PM, Barak and Lieberman all skipping conference

Despite speaking at last year's conference, Netanyahu, FM and defense minister do not plan to give speeches in Herzliya conference.

Binyamin Netanyahu 311 AP (photo credit: AP)
Binyamin Netanyahu 311 AP
(photo credit: AP)
Prime Minister Binyamin Netanyahu will not address this year’s Herzliya Conference, the first time a sitting prime minister has passed on speaking at the event since 2002.
Netanyahu’s absence comes even though his national security adviser and one of his closest confidants, Uzi Arad, started the conference in 2000 and headed it until 2009.
RELATED:Peres talks poverty, peace at Herzliya conference
Unlike previous years, neither the foreign nor defense ministers are scheduled to address this year’s forum, either. Netanyahu, as well as Foreign Minister Avigdor Lieberman and Defense Minister Ehud Barak, all spoke at last year’s gathering.
Government sources said the prime minister did not want to be tied to the Herzliya timetable, and felt that he would deliver a major policy address when he thought the time was ripe, not necessarily when it fit into the Herzliya Conference schedule.
Over the last decade, the conference was widely viewed as the country’s premier policy forum, and the setting where the prime minister delivered a major policy address.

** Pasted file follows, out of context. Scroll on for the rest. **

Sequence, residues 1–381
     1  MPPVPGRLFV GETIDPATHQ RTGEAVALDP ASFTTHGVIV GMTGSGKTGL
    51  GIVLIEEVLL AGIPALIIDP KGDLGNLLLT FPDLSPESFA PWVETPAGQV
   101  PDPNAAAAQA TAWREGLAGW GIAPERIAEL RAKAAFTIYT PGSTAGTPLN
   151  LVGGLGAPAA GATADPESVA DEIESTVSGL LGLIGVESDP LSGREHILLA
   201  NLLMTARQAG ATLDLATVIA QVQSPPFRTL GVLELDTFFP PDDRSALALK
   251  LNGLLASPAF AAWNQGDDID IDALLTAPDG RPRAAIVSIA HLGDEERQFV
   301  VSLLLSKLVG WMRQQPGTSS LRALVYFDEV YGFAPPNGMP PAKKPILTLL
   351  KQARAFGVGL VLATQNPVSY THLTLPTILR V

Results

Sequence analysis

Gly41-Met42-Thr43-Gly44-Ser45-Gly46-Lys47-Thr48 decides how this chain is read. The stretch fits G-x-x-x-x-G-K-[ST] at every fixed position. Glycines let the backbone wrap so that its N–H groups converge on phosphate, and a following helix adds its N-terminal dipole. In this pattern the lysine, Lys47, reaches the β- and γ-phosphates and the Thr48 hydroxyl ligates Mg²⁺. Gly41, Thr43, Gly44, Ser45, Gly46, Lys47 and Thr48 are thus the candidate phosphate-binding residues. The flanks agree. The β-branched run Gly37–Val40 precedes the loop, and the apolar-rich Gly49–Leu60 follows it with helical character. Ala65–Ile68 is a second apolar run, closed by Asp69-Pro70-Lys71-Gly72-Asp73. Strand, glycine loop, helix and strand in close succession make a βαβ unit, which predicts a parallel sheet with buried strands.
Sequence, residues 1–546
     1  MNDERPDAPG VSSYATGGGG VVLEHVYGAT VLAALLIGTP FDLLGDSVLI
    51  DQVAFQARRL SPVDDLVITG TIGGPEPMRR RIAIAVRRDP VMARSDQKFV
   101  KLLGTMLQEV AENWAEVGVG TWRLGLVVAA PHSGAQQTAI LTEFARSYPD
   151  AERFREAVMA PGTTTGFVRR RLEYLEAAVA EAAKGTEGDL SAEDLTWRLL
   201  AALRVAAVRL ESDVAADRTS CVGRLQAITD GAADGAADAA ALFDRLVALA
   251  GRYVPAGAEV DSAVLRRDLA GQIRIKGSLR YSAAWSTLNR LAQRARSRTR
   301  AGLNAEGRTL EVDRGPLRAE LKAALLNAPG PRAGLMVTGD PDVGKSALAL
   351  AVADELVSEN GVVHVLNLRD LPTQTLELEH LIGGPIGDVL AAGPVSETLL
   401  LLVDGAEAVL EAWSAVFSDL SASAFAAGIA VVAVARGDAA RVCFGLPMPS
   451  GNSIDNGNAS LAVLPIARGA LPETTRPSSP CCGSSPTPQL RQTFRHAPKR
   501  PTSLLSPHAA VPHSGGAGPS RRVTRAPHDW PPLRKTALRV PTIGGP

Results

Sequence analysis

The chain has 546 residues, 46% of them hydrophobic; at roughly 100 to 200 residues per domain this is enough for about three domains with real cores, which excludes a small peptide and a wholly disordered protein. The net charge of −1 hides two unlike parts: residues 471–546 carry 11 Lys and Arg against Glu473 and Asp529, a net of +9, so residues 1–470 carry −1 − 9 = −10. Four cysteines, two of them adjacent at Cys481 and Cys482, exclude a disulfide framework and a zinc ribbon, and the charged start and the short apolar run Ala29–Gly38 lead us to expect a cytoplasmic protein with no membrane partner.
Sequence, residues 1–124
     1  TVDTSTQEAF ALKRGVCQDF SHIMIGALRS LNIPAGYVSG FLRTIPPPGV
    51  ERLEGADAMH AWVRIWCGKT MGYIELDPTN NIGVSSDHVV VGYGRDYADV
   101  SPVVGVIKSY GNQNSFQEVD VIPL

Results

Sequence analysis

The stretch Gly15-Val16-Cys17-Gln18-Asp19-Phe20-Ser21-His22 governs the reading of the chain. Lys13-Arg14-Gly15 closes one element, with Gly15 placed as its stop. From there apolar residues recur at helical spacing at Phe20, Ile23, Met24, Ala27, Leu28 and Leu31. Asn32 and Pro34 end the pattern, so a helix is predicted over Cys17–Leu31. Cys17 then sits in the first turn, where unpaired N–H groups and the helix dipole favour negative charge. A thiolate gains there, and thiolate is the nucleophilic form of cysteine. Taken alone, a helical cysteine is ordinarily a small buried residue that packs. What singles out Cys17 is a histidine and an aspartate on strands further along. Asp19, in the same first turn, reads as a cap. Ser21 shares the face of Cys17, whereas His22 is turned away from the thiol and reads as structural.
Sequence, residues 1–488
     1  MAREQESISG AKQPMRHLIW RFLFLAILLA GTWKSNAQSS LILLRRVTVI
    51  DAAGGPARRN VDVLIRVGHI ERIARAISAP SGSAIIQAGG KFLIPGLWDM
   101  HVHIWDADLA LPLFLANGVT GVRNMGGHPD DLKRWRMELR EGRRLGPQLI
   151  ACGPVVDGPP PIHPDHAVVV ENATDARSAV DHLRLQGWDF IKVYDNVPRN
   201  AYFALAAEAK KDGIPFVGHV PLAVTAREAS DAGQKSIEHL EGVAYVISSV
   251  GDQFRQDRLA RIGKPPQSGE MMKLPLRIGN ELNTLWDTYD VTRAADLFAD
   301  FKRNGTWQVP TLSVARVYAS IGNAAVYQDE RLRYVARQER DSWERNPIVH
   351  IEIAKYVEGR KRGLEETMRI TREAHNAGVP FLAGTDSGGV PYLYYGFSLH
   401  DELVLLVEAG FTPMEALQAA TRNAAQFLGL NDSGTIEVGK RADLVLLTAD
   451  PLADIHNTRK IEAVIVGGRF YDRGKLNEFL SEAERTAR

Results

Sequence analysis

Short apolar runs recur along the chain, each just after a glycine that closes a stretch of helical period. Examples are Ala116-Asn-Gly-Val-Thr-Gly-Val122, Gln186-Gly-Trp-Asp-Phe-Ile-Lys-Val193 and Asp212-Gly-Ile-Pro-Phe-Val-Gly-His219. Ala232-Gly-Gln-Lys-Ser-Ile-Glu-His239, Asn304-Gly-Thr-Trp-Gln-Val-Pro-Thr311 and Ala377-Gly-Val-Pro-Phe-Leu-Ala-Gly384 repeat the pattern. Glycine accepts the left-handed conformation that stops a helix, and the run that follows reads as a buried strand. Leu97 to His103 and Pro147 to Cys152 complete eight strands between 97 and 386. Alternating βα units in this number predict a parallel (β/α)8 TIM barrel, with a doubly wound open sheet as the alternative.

Indeed, in 2002 it was at the Herzliya Conference where then prime minister Ariel Sharon accepted the US-backed road map for the Palestinian- Israeli peace process, and in 2003 Sharon used the forum to unveil his plan to withdraw from Gaza.
Over the years there has been criticism that the forum was overshadowing the Knesset, where – critics argued – the major speeches from the country’s leaders should be delivered.
This criticism came to a head in 2008 when the opening of the conference was actually held in the Knesset.
Last year Netanyahu spoke at the conference, but rather than focus on hard-hitting diplomatic issues, he used the speech to talk about his plan to enhance Zionist education.
Of the first conference in 2000, Arad was quoted as saying, “If you weren’t there, it showed you weren’t in the major leagues.”